CW House

CW House

    About CW House

    The William Randolph Lodging, affectionately known as the CW House, is nestled in the heart of Colonial Williamsburg. The house is a beautiful white colonial home, wonderfully accented with green doors and shutters. The interior of the home is complete with rich wooden walls and floors, a cozy fireplace and 18th-century reproduction furniture. The backyard offers a lovely terrace and lush gardens.

    The house was originally built in 1737 and was used as the temporary Williamsburg home for the Honourable William Randolph, Jr., Esq. from Hanover County, Virginia during his service in the Colonial Capital. As with much of Colonial Williamsburg, the house is a reconstruction and was completed in 1949.

    The College Connection

    Each year, the College of William and Mary awards a pair of rising seniors the opportunity to live in the William Randolph Lodgings. The two students are selected by a committee of Colonial Williamsburg Foundation representatives and College administrators based upon their joint programming ideas to enhance the collaboration between the College of William and Mary and Colonial Williamsburg.

    We have paired technology with their programming to promote student involvement in the history that surrounds them. We will be maintaining a blog on our life in the Historic Area of Colonial Williamsburg, and offer a schedule of upcoming events and opportunities for students in CW.

    We will host several events throughout the year, both at the CW House and on campus.

    We look forward to seeing you all at our future events over the next year!

    History of the Home’s First Residents

    A true Virginian, William Randolph served as a member of the Virginia House of Burgesses in 1718 and then again in 1720 through 1726, in addition to his involvement as a member of Council between 1728 and 1742 and Treasurer of the Colony in 1737. He was Royal Councillor of State in 1737 at Virginia. His father, Col. William Randolph, was one of the founders and first trustees of the College of William and Mary. Peyton Randolph, the great patriot who served as President of the 1st Continental Congress, was William Randolph, Jr.’s nephew. William Randolph’s death in 1742, left 3 of his children orphaned. Colonel Peter Jefferson, Thomas Jefferson’s father, assumed responsibility for the care and rearing of the young Randolphs—allowing Randolph’s descendents to be raised alongside Thomas Jefferson.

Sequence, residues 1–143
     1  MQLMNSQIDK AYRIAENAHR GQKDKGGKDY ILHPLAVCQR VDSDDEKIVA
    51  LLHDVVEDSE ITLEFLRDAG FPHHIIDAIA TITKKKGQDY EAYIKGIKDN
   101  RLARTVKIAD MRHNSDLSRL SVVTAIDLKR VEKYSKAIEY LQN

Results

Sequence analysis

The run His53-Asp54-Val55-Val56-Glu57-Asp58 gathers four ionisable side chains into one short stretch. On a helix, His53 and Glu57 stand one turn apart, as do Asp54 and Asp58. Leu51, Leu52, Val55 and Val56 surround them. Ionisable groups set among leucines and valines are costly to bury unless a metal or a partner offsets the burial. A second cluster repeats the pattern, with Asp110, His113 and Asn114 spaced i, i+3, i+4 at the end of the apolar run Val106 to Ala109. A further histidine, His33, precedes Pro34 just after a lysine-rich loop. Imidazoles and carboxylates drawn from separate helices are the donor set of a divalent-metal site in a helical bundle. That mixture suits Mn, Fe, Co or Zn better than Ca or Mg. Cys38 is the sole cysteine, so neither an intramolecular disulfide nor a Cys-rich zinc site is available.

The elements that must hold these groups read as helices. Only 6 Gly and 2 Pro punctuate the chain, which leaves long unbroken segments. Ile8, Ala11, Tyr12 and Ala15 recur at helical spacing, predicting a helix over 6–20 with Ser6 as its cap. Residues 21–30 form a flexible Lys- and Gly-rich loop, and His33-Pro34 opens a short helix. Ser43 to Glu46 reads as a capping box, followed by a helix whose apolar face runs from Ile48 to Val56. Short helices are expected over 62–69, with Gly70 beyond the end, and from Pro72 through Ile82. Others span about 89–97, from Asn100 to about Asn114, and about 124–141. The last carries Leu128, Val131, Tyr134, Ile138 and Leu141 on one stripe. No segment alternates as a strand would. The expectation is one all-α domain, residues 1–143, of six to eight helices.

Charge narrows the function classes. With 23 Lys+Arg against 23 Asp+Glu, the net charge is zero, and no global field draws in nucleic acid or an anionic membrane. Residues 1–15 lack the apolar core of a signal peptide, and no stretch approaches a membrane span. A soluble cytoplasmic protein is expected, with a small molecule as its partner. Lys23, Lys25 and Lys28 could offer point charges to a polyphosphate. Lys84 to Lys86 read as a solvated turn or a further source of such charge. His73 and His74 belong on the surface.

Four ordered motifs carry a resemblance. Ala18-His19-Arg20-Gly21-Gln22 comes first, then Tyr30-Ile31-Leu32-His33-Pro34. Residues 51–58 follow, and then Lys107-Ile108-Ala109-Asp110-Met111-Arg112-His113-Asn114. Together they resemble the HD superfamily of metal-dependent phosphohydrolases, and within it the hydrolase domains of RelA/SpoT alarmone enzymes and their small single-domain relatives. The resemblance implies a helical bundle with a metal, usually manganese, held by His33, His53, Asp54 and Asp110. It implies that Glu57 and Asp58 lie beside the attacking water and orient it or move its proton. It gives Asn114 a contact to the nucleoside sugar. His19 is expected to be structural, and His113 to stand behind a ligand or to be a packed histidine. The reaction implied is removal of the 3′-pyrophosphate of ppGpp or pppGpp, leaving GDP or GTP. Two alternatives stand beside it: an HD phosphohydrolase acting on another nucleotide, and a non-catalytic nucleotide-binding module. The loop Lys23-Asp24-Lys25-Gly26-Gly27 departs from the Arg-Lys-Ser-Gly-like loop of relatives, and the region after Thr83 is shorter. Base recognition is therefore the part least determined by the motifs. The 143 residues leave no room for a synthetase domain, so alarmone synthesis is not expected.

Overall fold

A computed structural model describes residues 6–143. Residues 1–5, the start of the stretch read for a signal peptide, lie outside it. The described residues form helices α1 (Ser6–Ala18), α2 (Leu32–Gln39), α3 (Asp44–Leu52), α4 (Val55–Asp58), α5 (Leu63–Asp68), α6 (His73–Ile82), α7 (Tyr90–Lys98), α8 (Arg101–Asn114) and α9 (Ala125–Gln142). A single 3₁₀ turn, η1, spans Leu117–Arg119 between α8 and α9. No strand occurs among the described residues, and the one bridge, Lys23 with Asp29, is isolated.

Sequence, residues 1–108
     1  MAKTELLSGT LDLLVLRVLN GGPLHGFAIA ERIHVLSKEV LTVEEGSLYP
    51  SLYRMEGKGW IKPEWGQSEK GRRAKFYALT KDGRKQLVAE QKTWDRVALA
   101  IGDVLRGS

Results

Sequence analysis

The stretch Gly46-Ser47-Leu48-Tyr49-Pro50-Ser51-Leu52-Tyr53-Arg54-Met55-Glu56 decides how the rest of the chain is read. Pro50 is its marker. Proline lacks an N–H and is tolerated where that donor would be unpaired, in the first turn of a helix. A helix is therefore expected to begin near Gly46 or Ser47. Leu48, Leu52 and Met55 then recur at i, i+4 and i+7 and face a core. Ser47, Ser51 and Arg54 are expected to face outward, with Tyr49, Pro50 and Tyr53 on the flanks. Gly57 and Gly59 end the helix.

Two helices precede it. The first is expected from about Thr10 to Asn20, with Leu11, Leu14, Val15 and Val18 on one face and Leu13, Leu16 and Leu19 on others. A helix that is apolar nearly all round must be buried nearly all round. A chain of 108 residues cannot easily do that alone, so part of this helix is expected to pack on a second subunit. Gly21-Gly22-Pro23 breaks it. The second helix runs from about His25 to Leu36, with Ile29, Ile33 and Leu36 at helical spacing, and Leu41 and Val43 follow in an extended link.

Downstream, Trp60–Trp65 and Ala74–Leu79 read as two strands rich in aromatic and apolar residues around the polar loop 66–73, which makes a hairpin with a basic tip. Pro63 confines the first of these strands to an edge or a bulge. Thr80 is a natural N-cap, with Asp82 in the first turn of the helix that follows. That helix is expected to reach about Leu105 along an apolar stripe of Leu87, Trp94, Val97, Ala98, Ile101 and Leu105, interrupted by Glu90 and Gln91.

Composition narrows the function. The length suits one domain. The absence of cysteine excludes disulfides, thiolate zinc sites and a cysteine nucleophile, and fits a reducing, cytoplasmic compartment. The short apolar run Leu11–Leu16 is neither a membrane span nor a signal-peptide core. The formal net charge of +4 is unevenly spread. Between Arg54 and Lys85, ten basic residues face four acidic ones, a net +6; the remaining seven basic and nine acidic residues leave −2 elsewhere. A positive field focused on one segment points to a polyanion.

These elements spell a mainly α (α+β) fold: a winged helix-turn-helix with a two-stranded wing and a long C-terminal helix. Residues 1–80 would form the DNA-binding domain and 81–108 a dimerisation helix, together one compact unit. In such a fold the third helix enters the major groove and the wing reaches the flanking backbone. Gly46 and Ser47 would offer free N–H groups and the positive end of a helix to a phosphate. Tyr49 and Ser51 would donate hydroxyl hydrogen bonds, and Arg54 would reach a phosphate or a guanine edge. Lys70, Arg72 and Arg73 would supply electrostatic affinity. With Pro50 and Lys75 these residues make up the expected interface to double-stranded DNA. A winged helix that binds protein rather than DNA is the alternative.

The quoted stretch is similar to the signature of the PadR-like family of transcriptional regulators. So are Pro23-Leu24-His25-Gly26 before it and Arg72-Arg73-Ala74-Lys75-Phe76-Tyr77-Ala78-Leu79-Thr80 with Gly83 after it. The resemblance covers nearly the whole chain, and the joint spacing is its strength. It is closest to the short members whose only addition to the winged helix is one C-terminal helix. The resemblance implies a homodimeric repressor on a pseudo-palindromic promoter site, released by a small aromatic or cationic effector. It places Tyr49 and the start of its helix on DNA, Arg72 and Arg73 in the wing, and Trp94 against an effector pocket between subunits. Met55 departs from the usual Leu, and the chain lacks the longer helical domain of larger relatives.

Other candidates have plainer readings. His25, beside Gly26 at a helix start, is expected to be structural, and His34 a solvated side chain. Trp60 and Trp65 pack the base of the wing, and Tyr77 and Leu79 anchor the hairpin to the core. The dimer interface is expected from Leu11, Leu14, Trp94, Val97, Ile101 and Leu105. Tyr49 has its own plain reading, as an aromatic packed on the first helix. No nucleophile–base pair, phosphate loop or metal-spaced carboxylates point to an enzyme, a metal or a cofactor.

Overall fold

Past residents of the CW House.

    Posts by CW House

    The History of Grand Illumination

    Since 1934, Colonial Williamsburg has wowed visitors with Grand Illumination, an annual tradition celebrating the holiday season in the Historic Area. With fireworks, musical

    Season’s Greetings

    As Thanksgiving and Christmas approach, Colonial Williamsburg and the surrounding area prepare to celebrate the rich history of the holiday season. Garland, wreaths, and

    Please Sir, I Want Some More… Pork Pie

    “I do not pretend to teach professed cooks, but my design is to instruct the ignorant and unlearned (which will likewise be of great

    Cupcakes, Tea, and Ghosts… Oh My!

    It has certainly been an eventful two months here at the Colonial Williamsburg House. What with encounters with William Randolph’s ghost (or so we

    The Early Bird Gets the Banana Bread

    Hello everybody! Kate and I made it through the hurricane! The CW House is still standing—shutters and all. Colonial Williamsburg made every effort to

    There’s a Cure to that Dull Summer…

    Colonial Williamsburg is welcoming its newest residents!  Kate Hughes and I have been given the tremendous honor of becoming the residents for the 2011-2012

    (Image from history.org) “And Spring arose on the garden fair, Like the Spirit of Love felt everywhere; And each flower and herb on Earth’s

    Holiday Romance in CW

    Now that we’re feeling the winter chill in the air, it’s time to heat up your love life. To help you keep that flame

    It’s autumn in CW!

    As we get deeper into the heart of autumn, Grace and I are enjoying the explosion of color that has painted Colonial Williamsburg in